P: Well, this is loosening you up, that's for sure. What it also does... A: Of course, this isn't a party. For a party you want to go to a pub. Where it would be very quiet. Except for those glasses there over the bar - those three rows of glasses, I would just sweep them off and - P: And then, when you finally came to you'd find yourself in a police cell. A: Yes, and that is also funny - that when you wake up you are cold and then you ask for a blanket and then they don't give it to you. Boy, oh boy. (salvo of laughter)

P: Someone downstairs slams a door. They never slam doors around here! A: (grinning) Yeah, the neighbours, great. Why don't you bring in the police too? I hear sirens... (Homeric laughter, followed by 20 sec of silence.) P: The fact that we have lost our inhibitions doesn't mean that our neighbours have. A: Inhibitions, ah nice, I love inhibitions, when you make them snap they go 'pop' like an elastic band.

P: You talk so much nonsense, that's a shame really. I mean, you could have used all those words to say things that later are important to have on tape. A: (laughing, starting to roll a cigarette) Why would that be important? Act out, you'll like it! (jumps about the room, sweeps row of books off desk) P: Listen man, this is getting annoying. A: O yeah, well this is very innocent still, I tell you. This is nothing, nothing! If I let myself go... (snorting noises) You've got to behave as if you were in padded cell. P: But that's not the case, Roland. A: Don't you realize then? This is a psychiatric ward! Look, there is serious testing going on!

P: It does start to look like a nuthouse here, yes, what with all those books on the floor... (brief silence) Alas, they do cruelly little for their patients here. You've even got to roll you own cigarettes. Look at how those strands of tobacco snake away between your fingers. It must be awfully tiring for those poor sods to be struggling with this all the time. Everything is so hard to do... A: They don't get old. P: They wear out fast. Just imagine, having this raging on all the time, seeing it all, hearing it all. A: (pulling the cord out of his house-coat) No, they take a rope, wind it around their necks (does what he says) and hand it to a friend to pull. Would you please... That's how they die young. P: (ignoring cord) I mean that it exhausts you physically. A: This is so taxing, doctor, I think I'll go on the roof.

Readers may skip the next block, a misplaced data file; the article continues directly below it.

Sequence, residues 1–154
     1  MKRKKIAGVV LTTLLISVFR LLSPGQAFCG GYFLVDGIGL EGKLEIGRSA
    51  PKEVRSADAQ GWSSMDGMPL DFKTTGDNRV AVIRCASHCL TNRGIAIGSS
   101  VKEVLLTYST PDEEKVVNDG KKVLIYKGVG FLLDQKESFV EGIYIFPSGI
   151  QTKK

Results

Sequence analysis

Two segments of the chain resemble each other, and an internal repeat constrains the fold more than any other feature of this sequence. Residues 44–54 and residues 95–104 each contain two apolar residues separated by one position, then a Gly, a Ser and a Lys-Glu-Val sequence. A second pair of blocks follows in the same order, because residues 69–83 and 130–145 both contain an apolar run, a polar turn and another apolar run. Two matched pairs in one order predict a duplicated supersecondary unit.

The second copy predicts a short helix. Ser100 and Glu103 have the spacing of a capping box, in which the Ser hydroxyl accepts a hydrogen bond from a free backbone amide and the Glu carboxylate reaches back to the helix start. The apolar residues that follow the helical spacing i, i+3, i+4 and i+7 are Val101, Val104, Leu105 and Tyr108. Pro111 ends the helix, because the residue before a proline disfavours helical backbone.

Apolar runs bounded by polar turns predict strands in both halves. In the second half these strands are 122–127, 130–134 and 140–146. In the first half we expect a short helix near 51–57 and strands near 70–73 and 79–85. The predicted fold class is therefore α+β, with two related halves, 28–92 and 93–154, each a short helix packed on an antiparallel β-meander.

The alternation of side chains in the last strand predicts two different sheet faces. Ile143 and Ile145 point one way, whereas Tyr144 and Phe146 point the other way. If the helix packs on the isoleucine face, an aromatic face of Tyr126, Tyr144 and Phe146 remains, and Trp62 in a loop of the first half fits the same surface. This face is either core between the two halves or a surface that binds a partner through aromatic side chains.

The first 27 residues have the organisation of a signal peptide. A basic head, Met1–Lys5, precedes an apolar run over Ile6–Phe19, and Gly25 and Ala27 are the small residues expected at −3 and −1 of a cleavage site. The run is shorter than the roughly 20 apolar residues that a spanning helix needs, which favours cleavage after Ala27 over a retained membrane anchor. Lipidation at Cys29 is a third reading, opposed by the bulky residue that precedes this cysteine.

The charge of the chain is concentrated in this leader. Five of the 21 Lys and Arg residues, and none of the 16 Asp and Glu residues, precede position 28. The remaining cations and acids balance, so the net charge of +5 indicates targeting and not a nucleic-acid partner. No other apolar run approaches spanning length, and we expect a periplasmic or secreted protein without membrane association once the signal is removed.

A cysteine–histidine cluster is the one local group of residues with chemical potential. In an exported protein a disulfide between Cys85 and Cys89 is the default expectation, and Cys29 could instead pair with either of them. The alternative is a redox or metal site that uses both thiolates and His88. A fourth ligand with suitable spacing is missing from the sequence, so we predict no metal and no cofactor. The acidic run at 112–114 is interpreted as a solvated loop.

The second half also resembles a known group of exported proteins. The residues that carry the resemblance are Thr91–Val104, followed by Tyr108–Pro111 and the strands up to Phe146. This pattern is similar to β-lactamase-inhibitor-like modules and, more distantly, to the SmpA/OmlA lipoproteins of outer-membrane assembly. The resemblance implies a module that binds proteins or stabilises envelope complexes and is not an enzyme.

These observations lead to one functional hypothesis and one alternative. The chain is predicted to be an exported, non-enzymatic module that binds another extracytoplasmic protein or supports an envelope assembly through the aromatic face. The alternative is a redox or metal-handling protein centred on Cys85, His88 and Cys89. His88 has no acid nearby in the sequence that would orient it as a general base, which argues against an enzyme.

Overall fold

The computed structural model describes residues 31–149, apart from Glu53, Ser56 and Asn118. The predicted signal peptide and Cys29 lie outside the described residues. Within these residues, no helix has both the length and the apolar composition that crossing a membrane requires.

P: It's now 4.30 PM. That means we've been like this some four, no five hours. Maybe we should try to quieten down a bit. Let's not act out and talk all the time. Why don't you try to forget that I'm here - could you do that? No you couldn't. (both are silent a little while) You see, when you shut up and close your eyes it gets even better. A: (sighing) Yes, yes, winding down, we are winding down, winding, winding... P: I find it hard to explain to the young listeners at home, but it is coming in waves. At one moment we can have a perfectly sane discussion when you notice nothing peculiar in our voices (choking laughter), the next moment a new wave reaches us and... Gee, I really cannot explain how it feels. A: (cheering) Insanity, that's how it feels! Yoohoo, we've gone insane! P: Forget it, not me. A: You're much too serious...'